Even as a young flexographer, Emerging Leaders Committee member Thomas Koester has a wealth of industry experience under his belt.
A graduate of Clemson University, he received the 2017 FFTA Rossini North America Flexographic Research Scholarship for his research on varying repeat lengths. From there, he joined All Printing Resources Inc (APR), training for six months with the Technical Solutions Group in Glendale Heights, IL, acquiring valuable experience in APR’s Innovations Center. After completing his training, he relocated to Denver, CO to support APR customers in the Western US.
“The support I give to our customers will vary,” explains Koester. “Mainly, the support will have to do with different products that we supply to them, whether it be software like SpotOn! Flexo, our Supply Sentry RFID inventory system, or consumables like doctor blades. I still come back to our Innovation Center to assist in various press runs, research projects and seminars.”
Here, Koester talks more about his education, career path and advice for Millennials in flexography today.
FTA: How did you decide to pursue a career in the flexographic industry?
Koester: The summer after my freshman year at Clemson University, I switched my major to graphic communications with a minor in packaging science. I was in search of an on-campus job and found out the Sonoco Institute of Packaging Design and Graphics was hiring. At the Sonoco Institute, I assisted in press trials and came to really enjoy flexography. The Sonoco Institute really opened my eyes to the flexo industry and helped me make a lot of great connections with industry members. I got to take part in a number of groundbreaking and interesting trials in the pressroom, and they helped me realize how exciting the industry can be. My minor in packaging science helped me understand some of the applications of flexography and the materials that we print on.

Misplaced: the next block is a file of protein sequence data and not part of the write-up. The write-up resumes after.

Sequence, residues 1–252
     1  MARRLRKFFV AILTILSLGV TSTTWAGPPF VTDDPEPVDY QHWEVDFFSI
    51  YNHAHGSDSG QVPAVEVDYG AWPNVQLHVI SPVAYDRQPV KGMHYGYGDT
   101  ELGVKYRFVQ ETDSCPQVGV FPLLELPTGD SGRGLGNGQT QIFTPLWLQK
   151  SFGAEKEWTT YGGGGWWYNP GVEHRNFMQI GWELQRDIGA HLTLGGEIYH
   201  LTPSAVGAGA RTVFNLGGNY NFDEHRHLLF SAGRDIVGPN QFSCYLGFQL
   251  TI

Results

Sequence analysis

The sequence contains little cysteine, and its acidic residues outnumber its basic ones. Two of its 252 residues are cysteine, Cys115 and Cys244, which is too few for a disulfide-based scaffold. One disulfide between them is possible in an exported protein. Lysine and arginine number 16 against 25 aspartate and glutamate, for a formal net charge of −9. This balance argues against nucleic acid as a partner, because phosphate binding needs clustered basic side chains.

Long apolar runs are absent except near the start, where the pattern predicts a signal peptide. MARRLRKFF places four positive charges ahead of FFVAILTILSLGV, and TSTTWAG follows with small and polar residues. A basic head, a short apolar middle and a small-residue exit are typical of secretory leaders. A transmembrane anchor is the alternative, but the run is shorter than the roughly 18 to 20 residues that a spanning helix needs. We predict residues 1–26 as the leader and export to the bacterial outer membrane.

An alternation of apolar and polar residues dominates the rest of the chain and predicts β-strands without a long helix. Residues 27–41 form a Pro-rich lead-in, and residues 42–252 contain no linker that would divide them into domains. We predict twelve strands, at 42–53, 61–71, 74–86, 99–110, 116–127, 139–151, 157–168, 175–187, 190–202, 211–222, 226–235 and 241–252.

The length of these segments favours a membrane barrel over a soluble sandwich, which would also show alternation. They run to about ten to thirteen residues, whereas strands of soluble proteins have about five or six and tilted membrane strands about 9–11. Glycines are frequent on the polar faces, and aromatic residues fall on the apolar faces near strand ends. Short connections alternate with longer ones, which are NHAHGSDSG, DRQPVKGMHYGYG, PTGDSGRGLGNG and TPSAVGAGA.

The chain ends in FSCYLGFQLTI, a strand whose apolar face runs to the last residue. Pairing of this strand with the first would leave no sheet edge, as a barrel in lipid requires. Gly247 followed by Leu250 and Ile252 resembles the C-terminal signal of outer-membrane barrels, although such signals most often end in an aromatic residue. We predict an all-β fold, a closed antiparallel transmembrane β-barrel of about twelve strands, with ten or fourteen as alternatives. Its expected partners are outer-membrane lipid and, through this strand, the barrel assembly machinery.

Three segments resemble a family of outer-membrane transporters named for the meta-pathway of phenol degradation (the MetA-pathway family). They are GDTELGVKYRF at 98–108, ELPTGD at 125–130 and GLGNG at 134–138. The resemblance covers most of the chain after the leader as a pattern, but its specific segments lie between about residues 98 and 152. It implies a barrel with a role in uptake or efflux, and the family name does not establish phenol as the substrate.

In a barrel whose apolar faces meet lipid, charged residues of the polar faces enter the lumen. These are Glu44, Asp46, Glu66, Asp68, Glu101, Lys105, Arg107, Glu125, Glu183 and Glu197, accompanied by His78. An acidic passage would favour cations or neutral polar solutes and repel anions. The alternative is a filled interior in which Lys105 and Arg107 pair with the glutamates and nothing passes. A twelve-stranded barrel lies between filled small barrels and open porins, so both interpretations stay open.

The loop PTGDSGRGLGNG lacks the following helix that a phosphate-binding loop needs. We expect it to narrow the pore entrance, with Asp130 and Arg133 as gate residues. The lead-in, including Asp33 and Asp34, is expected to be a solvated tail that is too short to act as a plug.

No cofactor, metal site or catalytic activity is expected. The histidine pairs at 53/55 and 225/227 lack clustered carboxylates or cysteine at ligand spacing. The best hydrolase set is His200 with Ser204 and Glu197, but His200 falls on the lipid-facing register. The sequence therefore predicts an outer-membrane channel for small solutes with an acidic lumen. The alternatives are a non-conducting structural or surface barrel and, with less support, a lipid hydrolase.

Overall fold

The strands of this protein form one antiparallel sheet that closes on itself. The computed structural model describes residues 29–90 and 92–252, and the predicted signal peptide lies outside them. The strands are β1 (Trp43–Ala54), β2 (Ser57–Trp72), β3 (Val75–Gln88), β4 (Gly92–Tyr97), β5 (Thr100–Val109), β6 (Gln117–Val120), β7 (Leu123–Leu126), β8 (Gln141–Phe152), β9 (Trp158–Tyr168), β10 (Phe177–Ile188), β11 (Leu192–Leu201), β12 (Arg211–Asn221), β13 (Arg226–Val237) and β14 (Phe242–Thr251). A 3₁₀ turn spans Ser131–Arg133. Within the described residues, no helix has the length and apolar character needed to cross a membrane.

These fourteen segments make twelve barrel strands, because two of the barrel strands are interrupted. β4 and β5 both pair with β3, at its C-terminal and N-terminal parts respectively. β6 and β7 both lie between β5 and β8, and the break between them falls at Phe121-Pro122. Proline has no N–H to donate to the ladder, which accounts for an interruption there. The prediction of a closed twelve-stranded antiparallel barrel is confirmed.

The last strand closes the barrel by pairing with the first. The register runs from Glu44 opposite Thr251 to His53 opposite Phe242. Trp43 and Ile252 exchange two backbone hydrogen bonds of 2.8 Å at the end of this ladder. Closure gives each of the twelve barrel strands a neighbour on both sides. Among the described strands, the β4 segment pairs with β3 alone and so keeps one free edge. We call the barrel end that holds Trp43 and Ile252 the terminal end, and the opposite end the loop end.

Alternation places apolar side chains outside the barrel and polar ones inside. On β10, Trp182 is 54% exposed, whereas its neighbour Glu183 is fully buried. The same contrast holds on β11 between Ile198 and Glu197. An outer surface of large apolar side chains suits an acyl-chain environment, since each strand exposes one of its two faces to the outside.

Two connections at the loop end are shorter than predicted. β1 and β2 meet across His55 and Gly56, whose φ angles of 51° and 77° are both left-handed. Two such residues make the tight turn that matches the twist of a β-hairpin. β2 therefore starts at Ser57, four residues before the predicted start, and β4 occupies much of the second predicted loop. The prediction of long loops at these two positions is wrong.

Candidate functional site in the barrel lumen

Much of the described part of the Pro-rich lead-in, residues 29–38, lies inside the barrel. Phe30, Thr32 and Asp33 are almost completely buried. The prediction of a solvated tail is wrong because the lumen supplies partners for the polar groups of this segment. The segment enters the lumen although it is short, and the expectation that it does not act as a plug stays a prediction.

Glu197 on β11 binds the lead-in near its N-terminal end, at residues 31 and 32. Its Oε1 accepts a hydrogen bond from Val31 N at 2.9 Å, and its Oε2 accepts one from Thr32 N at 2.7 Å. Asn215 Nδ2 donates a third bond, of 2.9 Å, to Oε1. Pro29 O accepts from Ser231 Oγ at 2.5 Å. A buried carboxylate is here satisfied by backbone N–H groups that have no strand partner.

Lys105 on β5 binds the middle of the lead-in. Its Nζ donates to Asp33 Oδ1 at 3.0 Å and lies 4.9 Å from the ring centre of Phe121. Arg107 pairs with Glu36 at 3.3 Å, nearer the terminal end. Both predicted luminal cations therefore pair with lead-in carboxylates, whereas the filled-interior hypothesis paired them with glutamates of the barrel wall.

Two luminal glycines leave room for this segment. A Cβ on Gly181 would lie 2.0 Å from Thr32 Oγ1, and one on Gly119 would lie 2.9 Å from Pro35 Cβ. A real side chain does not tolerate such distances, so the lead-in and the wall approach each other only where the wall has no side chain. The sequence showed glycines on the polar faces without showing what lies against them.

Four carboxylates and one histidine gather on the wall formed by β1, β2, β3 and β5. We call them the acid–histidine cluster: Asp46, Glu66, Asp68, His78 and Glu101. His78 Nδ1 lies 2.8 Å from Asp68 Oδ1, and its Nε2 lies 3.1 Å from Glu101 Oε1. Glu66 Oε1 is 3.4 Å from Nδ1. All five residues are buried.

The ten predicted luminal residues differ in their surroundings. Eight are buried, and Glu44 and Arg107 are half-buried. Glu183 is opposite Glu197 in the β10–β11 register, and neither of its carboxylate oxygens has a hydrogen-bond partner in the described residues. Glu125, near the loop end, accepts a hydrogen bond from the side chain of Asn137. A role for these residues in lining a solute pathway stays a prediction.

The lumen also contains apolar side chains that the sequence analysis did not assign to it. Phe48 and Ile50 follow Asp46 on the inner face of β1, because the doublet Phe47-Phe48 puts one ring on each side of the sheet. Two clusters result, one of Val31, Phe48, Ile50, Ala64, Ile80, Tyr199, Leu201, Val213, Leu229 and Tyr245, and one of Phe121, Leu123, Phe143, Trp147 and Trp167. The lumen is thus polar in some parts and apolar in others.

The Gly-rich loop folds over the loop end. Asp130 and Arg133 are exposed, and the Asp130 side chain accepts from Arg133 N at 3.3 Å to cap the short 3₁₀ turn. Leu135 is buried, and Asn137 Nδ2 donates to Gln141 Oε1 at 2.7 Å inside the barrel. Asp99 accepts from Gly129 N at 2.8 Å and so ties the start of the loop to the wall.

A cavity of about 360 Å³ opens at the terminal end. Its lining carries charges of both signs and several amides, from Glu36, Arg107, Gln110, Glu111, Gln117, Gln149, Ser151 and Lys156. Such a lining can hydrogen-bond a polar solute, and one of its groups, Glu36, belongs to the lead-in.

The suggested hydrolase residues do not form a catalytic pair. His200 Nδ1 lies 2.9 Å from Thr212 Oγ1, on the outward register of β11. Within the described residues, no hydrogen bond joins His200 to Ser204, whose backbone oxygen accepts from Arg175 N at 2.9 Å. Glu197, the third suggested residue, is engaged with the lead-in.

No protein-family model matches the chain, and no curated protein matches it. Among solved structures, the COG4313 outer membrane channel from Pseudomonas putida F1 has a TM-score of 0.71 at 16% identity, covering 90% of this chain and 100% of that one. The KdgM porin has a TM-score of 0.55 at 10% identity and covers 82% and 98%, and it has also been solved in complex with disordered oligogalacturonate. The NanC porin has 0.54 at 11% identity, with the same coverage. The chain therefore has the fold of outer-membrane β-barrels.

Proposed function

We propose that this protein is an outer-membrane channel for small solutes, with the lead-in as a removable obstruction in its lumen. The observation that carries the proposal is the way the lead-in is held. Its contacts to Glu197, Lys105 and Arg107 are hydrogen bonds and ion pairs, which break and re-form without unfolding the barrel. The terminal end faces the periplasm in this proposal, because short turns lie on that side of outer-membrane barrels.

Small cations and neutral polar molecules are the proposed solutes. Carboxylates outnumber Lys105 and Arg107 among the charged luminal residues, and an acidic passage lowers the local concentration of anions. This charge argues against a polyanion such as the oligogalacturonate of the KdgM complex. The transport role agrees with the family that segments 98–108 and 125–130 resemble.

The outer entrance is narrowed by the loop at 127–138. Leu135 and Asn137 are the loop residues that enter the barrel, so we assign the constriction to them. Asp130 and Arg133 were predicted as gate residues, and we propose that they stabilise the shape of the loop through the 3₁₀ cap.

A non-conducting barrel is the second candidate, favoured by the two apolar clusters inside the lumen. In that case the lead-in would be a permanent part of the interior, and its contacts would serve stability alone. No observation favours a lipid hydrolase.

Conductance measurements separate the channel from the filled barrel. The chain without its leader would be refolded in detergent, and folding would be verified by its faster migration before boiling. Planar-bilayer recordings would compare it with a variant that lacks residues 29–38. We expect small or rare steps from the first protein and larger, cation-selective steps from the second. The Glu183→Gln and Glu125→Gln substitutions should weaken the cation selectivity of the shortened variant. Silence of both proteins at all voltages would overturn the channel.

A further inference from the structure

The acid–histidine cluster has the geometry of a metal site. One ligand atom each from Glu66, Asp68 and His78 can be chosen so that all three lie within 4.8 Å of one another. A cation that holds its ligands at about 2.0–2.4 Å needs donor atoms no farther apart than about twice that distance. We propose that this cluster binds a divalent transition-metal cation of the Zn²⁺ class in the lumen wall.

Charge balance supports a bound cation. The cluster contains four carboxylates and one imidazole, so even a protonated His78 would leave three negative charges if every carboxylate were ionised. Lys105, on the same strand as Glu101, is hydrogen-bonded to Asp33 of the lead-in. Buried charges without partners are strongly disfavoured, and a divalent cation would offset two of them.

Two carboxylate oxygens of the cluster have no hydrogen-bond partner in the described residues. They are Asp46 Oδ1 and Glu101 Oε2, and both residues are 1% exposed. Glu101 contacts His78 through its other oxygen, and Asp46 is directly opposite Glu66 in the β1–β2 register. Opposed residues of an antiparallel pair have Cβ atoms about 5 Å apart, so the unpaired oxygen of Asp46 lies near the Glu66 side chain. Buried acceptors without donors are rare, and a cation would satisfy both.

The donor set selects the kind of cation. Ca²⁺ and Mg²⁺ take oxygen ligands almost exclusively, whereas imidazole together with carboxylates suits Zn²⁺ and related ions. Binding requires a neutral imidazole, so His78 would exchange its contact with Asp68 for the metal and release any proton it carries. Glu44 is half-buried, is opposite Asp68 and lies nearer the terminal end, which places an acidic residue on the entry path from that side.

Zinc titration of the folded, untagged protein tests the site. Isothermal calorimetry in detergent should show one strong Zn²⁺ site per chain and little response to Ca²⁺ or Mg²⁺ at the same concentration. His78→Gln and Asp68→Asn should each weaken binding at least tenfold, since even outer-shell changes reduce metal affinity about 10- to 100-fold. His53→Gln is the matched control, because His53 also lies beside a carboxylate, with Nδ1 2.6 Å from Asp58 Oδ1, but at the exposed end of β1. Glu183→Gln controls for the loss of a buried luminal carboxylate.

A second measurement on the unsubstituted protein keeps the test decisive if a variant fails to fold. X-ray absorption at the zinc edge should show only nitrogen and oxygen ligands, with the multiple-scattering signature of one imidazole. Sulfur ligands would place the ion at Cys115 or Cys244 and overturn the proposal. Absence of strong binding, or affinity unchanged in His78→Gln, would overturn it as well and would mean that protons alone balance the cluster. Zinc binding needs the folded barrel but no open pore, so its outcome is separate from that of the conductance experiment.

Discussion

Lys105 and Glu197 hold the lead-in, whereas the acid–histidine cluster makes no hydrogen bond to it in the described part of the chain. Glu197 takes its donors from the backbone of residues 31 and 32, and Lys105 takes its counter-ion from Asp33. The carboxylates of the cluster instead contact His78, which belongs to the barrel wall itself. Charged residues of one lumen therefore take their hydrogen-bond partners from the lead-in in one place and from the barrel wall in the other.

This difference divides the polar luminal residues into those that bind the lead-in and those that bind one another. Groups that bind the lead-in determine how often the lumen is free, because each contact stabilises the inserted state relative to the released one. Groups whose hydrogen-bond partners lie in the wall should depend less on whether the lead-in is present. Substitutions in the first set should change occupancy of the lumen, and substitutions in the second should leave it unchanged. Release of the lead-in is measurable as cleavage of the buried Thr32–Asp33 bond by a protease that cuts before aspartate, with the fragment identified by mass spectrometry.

FTA: What do you like about this industry?
Koester: I like that this industry is tangible; I really enjoy the hands-on aspect of the work that I do. The engineering side of my brain enjoys all of the different variables that have to be controlled in flexo to produce the best possible printed product. All of these variables have an effect on one another and on the ultimate printed product. I find that fascinating and intriguing.
It is also a very small industry. Through school, internships and my position at APR, I already feel like I know a lot of different people in the industry when I attend events like FTA’s FORUM and INFOFLEX. It almost feels like a small industry family. That being said, I have only been working full time in the industry since February.
FTA: What do you think is the biggest misconception about young people in this industry?
Koester: I find the biggest misconception is that young people only want to stay in one job for a year or two. While I think there is some merit to this generalization because there are young people who jump from job to job, it doesn’t apply to all of us. I think there are many young people entering industries—even outside of flexo—who would be more than willing to stay with a single company as long as they are given opportunities to advance and are kept happy. I think this will become especially true as older generations start to filter out and retire, making more room for the younger generations to advance.